The researchers identified a variation in the CCNF gene in some members of an Australian family with MND and/or FTD. When they extended the study globally, they found additional variations of the CCNF gene in other families as well as in ‘sporadic’ cases of MND and/or FTD, which are those without a family history of the diseases. This latest finding published in the prestigious journal Nature Communications suggests a common mechanism for the development of MND and FTD, and adds to a growing list of genes implicated in MND. About 10% of MND occurs in families and symptoms are indistinguishable from sporadic cases. Up to 15% of MND patients are also diagnosed with FTD.

Each year the first full week of May, Sunday to Saturday marks MND Week. It is our chance to focus on awareness but we can’t do it without you. This year our focus will be on promoting the diagnosis of MND and providing information to GPs to help them seek an early diagnosis leading to better care and support. Our national social media campaign #7dayswithMND will shed light on people living with MND, their family, carers and health professionals and researchers.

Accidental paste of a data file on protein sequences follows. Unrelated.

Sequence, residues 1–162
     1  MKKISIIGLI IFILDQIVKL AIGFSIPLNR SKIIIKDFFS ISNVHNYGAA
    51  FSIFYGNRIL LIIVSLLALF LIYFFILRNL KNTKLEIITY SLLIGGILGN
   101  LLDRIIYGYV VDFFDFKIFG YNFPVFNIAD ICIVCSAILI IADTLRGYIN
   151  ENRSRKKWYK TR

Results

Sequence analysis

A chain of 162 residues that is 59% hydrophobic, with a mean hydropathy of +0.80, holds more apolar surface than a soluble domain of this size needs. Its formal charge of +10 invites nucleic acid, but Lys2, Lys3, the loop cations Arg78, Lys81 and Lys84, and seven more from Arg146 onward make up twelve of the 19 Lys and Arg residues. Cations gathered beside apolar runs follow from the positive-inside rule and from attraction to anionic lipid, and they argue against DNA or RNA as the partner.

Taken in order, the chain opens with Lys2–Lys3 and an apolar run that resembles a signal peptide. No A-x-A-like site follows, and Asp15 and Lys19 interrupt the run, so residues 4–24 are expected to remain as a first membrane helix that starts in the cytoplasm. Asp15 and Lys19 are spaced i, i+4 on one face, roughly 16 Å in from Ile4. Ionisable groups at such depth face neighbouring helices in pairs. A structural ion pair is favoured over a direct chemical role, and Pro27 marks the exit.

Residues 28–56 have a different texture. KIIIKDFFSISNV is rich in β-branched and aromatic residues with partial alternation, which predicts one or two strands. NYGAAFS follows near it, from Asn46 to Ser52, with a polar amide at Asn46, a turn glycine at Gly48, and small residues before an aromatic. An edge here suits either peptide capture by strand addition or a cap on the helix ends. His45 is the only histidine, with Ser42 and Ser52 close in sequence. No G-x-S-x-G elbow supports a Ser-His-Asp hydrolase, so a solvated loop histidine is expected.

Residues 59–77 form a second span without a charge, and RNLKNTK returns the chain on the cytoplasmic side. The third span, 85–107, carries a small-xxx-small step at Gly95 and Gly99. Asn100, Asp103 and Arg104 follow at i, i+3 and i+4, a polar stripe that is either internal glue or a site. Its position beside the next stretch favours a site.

Stay up to date with what is happening in MND Week by reading about the planned events here and by watching our Facebook page. And make sure you let us know of any events taking place in your area!

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